As I started to urinate something else happened. Something even now I have trouble writing about without feeling an urge, almost a compulsion, to scream aloud with sheer horror. My baby slid out. She dangled from me mere centimeters from the toilet-bowl water. My window-clad house should have shattered from the pitch of my prolonged primordial howl. It didn’t. I did.

I was 16 weeks pregnant.

I fervently called my doctor and texted my closest friends and family “I HAD A MISCARRIAGE” in an effort to galvanize physical and emotional wherewithal. Somehow I had the presence of mind to know that if I didn’t, not only would my daughter die today, so could I.

I cut the umbilical cord, and immediately began to bleed. No longer part of a symbiotic union, dizzy with despair and confusion over this separation, I found a way to stay the course on the practical matters of caring for myself. My doctor talked me through what to do, stressing the need to get to her office, and quickly, with my baby in a plastic bag to send to the lab for testing.

My husband came for me immediately. I straddled a pile of towels, still hemorrhaging, as we numbly sped to her office, mute. There was no time for anesthesia and the only way to make the bleeding stop was to extract the placenta. So, there I lay, feeling the D and C machine tug out the remainder of my pregnancy. After a few inhales of smelling salts, and with nothing but some snapshots of the fetus, we returned home.

Rarely do I ruminate, but sometimes — especially around the anniversary of my loss, as my grief swirls — I wonder if she felt anything. I wonder what happened to her. Did her heart stop beating before or after she fell from my body? I like to think, though I know this is pure conjecture, that this miscarriage, though tragic, ultimately allowed me to bypass the decision I would have faced if we had learned about her chromosomal abnormality after the scheduled amniocentesis a couple of weeks later. The choice was not mine.

How do we honor our losses, and the fact that life doesn’t always make much sense?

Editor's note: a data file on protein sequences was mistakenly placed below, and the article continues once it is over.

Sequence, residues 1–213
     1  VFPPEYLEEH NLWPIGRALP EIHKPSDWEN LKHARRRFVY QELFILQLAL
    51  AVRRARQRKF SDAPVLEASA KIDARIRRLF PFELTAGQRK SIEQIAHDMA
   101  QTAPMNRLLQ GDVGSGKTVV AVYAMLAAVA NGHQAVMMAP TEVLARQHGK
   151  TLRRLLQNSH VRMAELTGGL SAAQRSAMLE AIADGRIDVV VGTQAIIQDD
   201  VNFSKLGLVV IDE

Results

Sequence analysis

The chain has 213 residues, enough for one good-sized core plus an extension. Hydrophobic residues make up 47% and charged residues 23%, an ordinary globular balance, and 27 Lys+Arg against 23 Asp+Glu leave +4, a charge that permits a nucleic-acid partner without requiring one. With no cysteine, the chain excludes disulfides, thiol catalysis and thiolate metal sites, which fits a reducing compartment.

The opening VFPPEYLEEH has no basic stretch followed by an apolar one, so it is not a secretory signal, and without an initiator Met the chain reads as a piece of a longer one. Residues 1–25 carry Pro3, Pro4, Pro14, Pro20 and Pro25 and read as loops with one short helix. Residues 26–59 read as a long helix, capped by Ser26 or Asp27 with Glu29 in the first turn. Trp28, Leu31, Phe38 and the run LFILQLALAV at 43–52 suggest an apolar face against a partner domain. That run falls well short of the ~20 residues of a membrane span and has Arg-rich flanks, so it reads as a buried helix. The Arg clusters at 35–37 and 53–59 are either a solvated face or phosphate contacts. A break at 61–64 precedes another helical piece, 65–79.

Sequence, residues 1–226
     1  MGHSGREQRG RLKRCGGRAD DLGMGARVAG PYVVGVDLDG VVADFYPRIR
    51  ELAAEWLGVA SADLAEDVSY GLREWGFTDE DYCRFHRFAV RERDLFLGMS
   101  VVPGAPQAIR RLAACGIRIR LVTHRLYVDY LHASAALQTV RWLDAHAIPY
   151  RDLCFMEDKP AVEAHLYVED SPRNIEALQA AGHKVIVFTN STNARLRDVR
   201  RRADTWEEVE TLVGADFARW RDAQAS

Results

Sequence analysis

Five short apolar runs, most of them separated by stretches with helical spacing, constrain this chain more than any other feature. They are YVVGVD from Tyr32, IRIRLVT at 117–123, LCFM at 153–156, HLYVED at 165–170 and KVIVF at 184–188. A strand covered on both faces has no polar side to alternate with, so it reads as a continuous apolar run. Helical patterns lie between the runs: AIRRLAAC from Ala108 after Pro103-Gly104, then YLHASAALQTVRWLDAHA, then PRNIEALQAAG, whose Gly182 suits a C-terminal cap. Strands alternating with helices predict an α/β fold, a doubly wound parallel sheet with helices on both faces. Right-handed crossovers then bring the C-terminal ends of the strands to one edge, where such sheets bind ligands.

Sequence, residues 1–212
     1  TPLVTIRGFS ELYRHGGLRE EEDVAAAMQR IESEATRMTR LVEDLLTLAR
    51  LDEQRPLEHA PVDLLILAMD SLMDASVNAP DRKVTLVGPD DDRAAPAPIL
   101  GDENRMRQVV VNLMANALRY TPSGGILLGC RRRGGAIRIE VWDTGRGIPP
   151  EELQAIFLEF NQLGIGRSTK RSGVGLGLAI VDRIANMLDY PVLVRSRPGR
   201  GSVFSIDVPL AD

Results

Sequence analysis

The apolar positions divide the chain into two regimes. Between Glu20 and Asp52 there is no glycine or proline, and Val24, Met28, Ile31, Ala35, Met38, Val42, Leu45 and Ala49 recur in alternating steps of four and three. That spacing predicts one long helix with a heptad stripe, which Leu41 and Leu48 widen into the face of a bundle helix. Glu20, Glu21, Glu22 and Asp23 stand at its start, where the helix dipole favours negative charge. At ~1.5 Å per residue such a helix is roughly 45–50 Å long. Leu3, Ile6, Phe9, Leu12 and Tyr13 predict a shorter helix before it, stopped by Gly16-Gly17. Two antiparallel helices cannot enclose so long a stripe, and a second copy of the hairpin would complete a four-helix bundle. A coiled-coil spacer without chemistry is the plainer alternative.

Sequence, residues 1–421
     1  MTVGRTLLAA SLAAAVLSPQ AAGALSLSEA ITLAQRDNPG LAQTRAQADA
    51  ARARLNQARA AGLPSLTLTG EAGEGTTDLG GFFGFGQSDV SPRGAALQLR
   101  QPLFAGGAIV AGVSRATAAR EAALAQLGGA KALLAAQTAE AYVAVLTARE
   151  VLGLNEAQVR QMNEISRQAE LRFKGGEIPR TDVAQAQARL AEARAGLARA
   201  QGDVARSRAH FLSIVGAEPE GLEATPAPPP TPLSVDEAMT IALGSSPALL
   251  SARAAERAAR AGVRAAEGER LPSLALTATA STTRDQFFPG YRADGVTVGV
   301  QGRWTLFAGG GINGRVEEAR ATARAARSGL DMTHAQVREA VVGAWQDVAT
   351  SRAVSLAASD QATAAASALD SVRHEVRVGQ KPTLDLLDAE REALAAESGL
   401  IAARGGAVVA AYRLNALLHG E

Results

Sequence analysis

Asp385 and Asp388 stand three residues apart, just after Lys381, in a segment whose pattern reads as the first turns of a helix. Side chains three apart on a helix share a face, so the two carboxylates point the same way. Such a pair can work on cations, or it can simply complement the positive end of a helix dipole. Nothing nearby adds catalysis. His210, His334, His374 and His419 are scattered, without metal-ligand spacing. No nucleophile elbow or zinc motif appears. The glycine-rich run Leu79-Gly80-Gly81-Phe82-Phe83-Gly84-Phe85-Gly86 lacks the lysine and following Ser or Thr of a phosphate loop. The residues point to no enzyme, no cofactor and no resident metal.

We shouldn’t feel ashamed of our traumas, nor should we hide the consequent grief. It’s not that I necessarily feel proud of having a miscarriage, but I do feel compelled to question why it seems as if we rarely talk about pregnancy loss, though the statistics are staggering. Is it resounding cultural shame? Speckles of self-blame? Steadfast stigma? The notion that talking about “unpleasant” things is a no-no? It’s a hard topic. But if every woman who has lost a pregnancy to miscarriage or stillbirth told her story, we might at least feel less alone.

Today, October 15, is Pregnancy and Infant Loss Remembrance Day. Along with many others, I’ll be honoring the life-altering bereavement millions of us have faced by sharing my story on Twitter with the hashtag #IHadAMiscarriage. I hope others will join me. And tonight, in what has become a tradition on this date for many families, I will light a candle for the child I never knew and take a moment to appreciate even more deeply the children I have.

Be Brave: Grief is Not for Wimps

courage-945002-mEvery October I remember the child I lost. I didn’t lose my child at the mall, or get separated at a park. I actually didn’t “lose” my child at all…my baby died. Even all these years later, it is still difficult to say it like that. My husband and I had waited ten years to have children because I traveled frequently and I was finally settled and ready. But our “best laid plans” were about to take a horrible turn.

It was just before Halloween and I was 3 months pregnant with our first child. My two sisters had five children between them and I was finally going to join them in growing the family. I had not considered, even for a moment, that something could go wrong. But something went terribly wrong. Over the next few weeks my pregnancy unraveled and my baby, and my hope for a family, was gone. In the empty space where my baby had been was confusion, disbelief, anger, numbness and incredible pain.

Read 9 Things Never to Say to a Woman Who’s Had a Miscarriage

Fourteen years have passed. We now have two perfectly healthy, and perfectly wonderful daughters and I smile and get misty as I write these words about them. But I do still think back to the child I will never know. I wonder what my baby would have looked like and sounded like and what kind of person he or she might have been. I still wonder…but it doesn’t hurt as much now. There was a time that just typing these words would have left me sobbing. Time does heal, but it doesn’t make us forget. I do still think about my baby. Especially this time of year. But now, I can wonder and move on, as anyone who is grieving must do at some point.

If you are hurting from the pain of grief, remember that time will go by. The intense pain will pass and one day you will notice that the daggers of grief are now a dull ache. Your life will return to a new version of “normal” and you will go on. Be brave enough to remember the loss of your past and move steadily toward your future.